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Chester Zoo’s enor-moth task to save rare species

12 June 2013

moth198x143We're embarking on a mammoth task to reintroduce a rare native species back to the UK.

A team of experts will begin the task of planting hundreds of miles of the spiky plants in an effort to save a native endangered species – the barberry carpet moth.

Once widespread throughout the UK, the moth can now only be found in small pockets after both the moth and its main source of food – the barberry plant Berberis vulgaris – went into decline.

By planting barberry bushes along the Shropshire Union canal towpaths, linking Chester, Twycross and Dudley zoos, it is hoped the moth population will eventually increase.

Barberry Carpet Moth

The endangered Barberry Carpet Moth held by Ian Hughes from Dudley Zoo, with L-R: Glenn Young and Paul Shipsides from Chester Zoo;
and Chris John from Canal & River Trust

Horticulturists at Chester will grow 500 plants a year in their greenhouses for planting, with the whole project expected to take a number of years.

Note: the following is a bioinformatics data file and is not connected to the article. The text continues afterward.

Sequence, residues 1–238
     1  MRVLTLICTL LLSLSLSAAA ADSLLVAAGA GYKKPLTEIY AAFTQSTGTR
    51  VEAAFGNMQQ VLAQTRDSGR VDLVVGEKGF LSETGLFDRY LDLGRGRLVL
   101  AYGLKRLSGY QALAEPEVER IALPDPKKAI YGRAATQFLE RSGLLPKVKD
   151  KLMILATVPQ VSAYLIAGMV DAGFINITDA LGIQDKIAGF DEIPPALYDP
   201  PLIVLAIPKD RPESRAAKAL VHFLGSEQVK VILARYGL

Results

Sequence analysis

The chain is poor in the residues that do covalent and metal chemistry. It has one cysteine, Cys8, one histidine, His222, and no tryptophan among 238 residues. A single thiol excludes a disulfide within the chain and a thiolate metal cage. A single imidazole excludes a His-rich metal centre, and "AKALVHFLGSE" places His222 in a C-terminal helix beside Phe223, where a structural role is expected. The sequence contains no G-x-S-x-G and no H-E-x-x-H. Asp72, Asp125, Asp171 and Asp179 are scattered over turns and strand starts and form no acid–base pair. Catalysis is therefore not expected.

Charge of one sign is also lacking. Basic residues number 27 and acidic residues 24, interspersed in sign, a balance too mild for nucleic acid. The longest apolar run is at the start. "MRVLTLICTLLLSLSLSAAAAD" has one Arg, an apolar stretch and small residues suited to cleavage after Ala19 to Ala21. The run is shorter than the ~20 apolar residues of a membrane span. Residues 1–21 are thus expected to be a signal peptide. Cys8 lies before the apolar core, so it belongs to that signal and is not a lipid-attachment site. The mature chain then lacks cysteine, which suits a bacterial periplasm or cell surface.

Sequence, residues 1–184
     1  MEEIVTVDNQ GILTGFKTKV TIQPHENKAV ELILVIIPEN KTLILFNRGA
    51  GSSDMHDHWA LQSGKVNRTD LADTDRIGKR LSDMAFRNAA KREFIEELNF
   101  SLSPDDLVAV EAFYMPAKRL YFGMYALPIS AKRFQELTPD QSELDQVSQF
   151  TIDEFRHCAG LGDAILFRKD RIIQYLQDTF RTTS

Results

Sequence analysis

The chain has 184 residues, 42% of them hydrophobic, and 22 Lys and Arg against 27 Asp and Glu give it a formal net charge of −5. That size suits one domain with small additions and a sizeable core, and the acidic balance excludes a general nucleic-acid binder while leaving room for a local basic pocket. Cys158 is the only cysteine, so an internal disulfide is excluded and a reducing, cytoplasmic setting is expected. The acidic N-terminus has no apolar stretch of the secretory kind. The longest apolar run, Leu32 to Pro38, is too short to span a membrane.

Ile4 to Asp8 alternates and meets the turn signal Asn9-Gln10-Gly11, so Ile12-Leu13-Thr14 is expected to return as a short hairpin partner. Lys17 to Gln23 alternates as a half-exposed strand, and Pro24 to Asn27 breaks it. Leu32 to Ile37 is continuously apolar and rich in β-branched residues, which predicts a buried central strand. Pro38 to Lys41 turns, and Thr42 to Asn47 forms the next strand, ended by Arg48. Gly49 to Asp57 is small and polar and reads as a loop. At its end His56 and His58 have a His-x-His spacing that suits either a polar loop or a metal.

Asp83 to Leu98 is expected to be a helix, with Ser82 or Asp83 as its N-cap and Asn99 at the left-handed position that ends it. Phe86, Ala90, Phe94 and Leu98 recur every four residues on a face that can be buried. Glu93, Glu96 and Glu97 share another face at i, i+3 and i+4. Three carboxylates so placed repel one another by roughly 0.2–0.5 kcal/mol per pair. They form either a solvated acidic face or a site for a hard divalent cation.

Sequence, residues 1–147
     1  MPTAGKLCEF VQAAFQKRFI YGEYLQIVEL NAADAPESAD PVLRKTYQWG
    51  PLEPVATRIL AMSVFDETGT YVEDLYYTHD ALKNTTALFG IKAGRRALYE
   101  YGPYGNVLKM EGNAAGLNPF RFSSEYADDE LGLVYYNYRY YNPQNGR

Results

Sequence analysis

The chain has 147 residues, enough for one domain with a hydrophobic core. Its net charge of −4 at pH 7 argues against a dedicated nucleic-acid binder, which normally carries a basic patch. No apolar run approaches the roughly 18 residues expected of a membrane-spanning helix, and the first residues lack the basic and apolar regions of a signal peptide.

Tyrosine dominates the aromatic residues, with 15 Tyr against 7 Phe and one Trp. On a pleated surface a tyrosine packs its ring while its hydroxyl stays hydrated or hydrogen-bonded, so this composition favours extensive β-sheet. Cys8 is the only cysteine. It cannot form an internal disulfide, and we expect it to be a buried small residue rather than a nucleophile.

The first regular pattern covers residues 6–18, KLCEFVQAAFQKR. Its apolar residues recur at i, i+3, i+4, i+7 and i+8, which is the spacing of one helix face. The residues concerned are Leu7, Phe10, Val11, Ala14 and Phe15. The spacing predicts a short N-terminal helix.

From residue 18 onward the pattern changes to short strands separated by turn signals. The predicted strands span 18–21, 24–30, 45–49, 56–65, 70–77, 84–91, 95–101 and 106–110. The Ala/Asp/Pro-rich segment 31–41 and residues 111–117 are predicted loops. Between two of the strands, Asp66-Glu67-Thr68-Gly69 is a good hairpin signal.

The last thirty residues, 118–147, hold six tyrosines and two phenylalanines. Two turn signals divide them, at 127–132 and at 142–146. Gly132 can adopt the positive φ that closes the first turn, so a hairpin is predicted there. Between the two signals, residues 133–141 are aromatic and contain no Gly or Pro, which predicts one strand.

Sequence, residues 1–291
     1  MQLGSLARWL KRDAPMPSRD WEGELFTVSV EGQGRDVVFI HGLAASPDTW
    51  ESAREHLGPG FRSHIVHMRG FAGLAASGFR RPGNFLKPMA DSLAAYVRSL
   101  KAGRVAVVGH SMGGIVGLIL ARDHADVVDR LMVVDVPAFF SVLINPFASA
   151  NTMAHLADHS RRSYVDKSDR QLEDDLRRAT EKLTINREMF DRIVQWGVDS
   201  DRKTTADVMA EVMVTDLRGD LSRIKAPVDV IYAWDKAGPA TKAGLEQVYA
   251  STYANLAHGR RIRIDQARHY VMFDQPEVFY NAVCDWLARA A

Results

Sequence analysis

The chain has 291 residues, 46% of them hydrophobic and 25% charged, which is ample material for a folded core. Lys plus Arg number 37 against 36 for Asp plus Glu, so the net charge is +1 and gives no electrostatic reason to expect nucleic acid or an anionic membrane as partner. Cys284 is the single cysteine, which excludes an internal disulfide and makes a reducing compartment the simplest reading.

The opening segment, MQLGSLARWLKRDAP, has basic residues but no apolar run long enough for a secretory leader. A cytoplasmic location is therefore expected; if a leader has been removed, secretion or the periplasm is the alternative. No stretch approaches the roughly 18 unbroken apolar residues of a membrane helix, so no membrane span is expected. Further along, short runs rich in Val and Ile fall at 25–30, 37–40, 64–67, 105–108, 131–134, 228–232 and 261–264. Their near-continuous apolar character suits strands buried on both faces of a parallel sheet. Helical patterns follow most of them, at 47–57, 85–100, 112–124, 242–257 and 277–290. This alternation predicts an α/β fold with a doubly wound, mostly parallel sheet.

Chester’s Curator of Botany and Horticulture, Mark Sparrow, said: “It may seem that we’re going to extreme lengths to protect a moth but the barberry carpet moth is one of Britain’s 10 rarest and most threatened moth species.

“Native species of all kinds are important to UK biodiversity and a moth is no different. We need to be providing the right amounts sort of food for the moths so we grow the plants at the zoo where there’s plenty of space before they are mature enough to be planted out.”

The berberis will be planted every 100 metres along tow paths connecting the three zoos with the planting team hoping to cover 20km during the first year of the project. The Canal & River Trust will provide a barge and additional support to help the planting team begin their journey.

Barberry bush planting

A team from Chester Zoo's Horticultural Department and volunteers from the Canal & River Trust reinstating the habitat for the endangered Barberry Carpet Moth along Chester's Waterway

The plan to save the moth is the brainchild of Dudley Zoo’s native species coordinator Ian Hughes.

Ian said: "This project is part of a 20 year partnership between BIAZA zoos, Natural England and Butterfly Conservation to bring this moth back from the brink of extinction in the UK. The moth has a two generation life-cycle, overwintering as a pupa (chrysalis) it emerges in April or May as an adult with the first caterpillars appearing in June.

“The caterpillars pupate in July to produce a second wave of adults followed by more caterpillars who then overwinter as pupae. We will take advantage of the caterpillar stage to introduce the barberry carpet to its new habitat - monitoring of populations is usually conducted by counting caterpillars!"

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